Cameron Catazaro and Hannah Fischer in Miami City Ballet’s “After the Rain,” choreography by Christopher Wheeldon. (Photo courtesy of Alexander Iziliaev)

Pianist Francisco Rennó and violinst Mei Mei Luo hauntingly played Estonian composer Arvo Pärt’s 1978 composition, “Spiegel im Spiegel” (“mirror(s) in the mirror”).  Both Hannah Fischer and Cameron Catazaro on Friday and Katia Carranza and Chase Swatosh on Sunday danced this tenderness-drenched duet memorably.

The work’s gorgeous lifts and quirky contortions communicate emotional intimacy through physical vulnerability as when the woman holds a full backbend as her partner rotates her or when she stands on his bent leg, leaning forward, sweeping her arms as if flying.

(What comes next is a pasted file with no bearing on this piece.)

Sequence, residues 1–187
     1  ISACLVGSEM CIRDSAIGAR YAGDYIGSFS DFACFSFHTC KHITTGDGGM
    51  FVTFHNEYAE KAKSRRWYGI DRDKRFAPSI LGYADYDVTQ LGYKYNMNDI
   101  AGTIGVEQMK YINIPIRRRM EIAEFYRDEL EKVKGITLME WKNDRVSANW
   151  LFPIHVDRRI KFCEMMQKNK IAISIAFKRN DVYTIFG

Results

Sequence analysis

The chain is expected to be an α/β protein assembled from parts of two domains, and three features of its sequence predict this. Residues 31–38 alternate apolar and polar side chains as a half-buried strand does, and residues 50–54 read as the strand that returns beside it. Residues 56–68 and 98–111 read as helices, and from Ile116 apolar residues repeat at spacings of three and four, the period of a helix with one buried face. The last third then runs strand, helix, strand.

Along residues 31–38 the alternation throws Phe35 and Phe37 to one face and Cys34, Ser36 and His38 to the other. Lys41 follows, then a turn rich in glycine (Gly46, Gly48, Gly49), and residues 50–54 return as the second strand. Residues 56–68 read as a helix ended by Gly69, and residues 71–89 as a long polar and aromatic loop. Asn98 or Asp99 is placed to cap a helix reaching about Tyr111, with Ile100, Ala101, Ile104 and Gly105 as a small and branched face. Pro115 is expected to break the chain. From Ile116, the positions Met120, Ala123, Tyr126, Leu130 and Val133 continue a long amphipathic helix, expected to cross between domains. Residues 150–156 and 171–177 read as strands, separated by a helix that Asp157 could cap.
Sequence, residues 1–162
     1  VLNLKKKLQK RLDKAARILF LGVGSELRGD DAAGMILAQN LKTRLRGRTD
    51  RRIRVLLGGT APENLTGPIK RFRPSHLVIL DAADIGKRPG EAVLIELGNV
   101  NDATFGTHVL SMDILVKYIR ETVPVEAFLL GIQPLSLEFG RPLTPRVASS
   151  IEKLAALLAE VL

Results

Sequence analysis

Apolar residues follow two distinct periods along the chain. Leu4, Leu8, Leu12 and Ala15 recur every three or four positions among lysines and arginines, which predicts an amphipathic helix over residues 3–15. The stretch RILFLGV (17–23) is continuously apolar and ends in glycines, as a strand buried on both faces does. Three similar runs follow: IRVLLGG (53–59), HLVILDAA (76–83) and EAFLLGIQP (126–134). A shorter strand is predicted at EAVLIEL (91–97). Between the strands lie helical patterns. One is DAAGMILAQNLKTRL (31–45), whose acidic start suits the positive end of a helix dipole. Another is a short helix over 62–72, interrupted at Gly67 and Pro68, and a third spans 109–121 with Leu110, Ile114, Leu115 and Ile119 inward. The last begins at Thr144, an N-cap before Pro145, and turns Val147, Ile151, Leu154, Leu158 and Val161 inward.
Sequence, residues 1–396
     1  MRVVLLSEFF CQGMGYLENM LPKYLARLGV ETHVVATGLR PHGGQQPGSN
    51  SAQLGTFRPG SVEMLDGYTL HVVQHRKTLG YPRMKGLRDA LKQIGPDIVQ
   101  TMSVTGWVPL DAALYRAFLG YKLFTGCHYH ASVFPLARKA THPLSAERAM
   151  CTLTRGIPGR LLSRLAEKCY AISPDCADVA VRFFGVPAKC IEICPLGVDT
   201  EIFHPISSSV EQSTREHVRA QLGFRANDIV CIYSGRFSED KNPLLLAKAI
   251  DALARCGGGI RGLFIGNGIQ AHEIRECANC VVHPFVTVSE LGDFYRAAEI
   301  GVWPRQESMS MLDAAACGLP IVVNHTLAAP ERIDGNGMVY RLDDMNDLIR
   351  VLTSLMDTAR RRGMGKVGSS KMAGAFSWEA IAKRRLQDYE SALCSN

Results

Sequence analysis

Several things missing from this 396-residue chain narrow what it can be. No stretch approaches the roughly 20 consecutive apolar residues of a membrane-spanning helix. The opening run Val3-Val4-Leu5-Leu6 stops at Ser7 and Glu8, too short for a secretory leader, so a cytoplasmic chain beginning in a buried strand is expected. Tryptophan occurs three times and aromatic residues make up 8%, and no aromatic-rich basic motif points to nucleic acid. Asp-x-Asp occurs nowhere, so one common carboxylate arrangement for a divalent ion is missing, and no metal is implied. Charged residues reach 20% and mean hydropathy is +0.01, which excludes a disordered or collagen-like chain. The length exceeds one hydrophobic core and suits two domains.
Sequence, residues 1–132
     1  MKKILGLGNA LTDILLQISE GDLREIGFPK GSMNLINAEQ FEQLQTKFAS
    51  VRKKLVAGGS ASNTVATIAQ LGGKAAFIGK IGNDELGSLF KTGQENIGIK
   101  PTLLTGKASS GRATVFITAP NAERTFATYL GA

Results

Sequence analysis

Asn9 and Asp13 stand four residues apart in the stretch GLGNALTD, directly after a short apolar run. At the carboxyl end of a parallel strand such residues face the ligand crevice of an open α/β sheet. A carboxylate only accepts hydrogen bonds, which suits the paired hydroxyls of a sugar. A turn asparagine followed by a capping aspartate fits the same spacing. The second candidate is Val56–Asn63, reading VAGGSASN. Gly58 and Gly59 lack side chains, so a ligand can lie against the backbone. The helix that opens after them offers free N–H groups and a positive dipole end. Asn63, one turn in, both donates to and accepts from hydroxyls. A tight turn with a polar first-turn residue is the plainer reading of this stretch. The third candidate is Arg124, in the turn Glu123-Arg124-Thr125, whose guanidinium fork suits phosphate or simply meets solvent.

Opposite in mood and approach was the company premiere of William Forsyth’s, “Herman Schmerman.”  With a title borrowed from the 1982 Steve Martin comedy, “Dead Men Don’t Wear Plaid,” Forsyth famously stated the ballet “meant nothing,”

The ballet may “mean nothing” but what’s important is what it “does.”  It mocks gender distinctions in ballet mercilessly. It gestures to how ballet as an artform is a training for gender, where differently trained male and female bodies are disciplined to fulfill expectations audiences have around gender stereotypes.

Nathalia Arja and Chase Swatosh in “Herman Schmerman Duet,” one of four pieces in Miami City Ballet’s “Prodigal Son” season closer. (Photo courtesy of Alexander Iziliaev)